"The Education of Nature," by William Wordsworth, is about a girl who is blessed by Nature with beauty and vitality, but then suddenly dies, leaving her lover, the narrator, with only "the memory of what has been, / And never more will be."
The poem begins with "Nature," personified as a conscience, speaking person, declaring that it will take "this child"--the girl--to itself. Nature promises to bless the girl with beauty, grace, and nobility:
"She shall be sportive as the fawn...
And hers the silence and the calm
Of mute insensate things...
And vital feelings of delight
Shall rear her form to stately height,
Her virgin bosom swell"
Suddenly, though, Nature's "work was done" and "Lucy's race was run!"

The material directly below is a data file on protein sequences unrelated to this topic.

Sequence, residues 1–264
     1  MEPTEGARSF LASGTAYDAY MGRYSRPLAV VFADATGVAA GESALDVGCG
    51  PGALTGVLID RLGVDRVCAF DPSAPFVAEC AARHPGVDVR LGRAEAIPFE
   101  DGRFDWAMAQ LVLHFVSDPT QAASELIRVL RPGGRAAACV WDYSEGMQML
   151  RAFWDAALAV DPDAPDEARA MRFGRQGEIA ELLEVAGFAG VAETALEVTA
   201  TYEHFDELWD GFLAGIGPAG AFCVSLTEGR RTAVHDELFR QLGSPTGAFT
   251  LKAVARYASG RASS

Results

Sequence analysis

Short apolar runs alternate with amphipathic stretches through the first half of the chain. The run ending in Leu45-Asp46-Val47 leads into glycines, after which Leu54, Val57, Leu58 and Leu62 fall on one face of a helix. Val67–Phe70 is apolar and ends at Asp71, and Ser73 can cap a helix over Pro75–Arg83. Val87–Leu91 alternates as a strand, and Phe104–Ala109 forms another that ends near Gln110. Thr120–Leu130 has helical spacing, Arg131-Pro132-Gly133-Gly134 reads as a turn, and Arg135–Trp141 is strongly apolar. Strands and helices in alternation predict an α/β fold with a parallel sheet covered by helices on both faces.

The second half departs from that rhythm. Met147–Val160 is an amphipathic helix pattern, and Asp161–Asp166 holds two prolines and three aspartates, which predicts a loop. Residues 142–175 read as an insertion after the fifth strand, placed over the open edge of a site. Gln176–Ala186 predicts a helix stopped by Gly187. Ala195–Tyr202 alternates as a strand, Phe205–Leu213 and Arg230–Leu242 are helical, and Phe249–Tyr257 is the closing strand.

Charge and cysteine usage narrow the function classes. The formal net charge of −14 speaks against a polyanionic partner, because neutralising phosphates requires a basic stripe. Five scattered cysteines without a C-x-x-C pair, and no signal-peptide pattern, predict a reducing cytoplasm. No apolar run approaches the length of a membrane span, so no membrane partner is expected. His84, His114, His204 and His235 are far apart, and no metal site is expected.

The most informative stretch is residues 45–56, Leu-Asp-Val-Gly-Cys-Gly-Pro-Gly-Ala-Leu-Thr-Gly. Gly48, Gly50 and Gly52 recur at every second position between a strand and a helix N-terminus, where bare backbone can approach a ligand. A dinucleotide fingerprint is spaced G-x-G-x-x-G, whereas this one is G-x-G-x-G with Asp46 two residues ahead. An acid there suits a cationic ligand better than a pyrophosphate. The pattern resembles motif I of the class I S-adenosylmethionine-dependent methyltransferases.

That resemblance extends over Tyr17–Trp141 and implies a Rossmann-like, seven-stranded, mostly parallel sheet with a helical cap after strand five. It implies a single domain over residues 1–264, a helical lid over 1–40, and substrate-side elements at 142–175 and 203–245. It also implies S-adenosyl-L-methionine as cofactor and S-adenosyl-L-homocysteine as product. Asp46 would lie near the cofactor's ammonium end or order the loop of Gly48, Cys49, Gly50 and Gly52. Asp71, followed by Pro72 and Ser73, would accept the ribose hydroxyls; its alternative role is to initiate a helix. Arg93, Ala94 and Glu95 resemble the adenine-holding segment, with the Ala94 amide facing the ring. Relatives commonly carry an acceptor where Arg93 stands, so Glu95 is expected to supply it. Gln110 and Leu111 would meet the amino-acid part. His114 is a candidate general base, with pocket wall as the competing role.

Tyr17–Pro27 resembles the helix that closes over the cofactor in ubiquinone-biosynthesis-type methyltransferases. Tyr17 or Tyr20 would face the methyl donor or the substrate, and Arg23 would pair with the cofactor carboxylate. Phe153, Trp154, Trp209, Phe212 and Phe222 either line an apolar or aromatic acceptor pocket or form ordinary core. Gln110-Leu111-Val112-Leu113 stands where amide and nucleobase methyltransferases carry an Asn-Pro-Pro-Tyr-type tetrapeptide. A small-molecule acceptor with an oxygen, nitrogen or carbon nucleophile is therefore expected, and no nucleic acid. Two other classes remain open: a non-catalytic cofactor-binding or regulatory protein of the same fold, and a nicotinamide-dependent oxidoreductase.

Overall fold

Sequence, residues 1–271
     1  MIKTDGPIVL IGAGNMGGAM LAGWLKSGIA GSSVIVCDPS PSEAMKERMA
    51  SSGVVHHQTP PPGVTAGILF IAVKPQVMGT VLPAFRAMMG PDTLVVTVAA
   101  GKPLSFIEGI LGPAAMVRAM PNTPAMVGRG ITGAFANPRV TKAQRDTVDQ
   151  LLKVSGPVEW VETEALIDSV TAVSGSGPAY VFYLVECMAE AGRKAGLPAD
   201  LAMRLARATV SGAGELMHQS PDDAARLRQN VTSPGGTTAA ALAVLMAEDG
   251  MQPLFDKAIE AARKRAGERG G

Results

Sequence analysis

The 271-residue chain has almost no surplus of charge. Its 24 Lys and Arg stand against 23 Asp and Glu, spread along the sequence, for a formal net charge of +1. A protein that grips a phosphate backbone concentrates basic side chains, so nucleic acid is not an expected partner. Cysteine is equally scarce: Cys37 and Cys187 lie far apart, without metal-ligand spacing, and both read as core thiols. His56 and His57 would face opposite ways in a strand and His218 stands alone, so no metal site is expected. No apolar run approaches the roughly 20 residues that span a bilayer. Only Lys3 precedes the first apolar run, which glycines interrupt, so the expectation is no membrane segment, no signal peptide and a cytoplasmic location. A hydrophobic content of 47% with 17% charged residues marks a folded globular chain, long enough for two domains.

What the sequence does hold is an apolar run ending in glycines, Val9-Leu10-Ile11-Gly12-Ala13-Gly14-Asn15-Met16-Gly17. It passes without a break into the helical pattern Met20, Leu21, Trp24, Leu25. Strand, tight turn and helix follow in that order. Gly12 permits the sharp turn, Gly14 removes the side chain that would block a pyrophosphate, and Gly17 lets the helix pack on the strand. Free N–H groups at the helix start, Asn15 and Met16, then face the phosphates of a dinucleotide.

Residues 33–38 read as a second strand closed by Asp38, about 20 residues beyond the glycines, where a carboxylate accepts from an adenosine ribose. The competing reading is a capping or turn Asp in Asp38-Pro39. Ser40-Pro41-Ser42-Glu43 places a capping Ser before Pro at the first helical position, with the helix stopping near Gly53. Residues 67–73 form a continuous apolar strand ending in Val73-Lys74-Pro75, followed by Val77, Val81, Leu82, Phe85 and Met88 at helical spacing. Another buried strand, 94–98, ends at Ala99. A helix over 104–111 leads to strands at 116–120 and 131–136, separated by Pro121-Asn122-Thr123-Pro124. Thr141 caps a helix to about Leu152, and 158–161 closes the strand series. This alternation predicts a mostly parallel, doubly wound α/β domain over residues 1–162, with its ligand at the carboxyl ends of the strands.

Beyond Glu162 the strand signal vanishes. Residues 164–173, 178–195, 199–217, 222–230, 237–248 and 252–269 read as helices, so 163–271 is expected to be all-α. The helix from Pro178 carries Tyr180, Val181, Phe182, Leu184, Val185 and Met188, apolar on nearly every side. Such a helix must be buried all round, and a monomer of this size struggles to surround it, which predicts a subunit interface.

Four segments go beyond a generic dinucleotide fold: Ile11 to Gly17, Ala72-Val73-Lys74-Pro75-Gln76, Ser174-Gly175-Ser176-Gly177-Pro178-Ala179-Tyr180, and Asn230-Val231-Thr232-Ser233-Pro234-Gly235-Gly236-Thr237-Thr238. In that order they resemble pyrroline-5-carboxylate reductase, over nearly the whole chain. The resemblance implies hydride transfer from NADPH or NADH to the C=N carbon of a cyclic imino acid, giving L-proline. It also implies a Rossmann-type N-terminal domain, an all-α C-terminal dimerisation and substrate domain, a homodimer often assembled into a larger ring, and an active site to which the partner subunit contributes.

She died, and left to me
This heath, this calm and quiet scene;
The memory of what has been,
And never more will be.
The poem consists of 7 stanzas of 6 lines each. The rhyme scheme in each stanza is AABCCB.
The rhyming pairs of lines 2 and 4, and lines 4-5 generally contain 8 syllables. The pair of lines 3 and 6 are shorter, containing 6 or 7 syllables.
The entire poem is written in iambics, meaning that the rhythm resembles: da-DUM-da-DUM-da-DUM; for example, consider the first line of the second syllable:
Myself will to my darling be...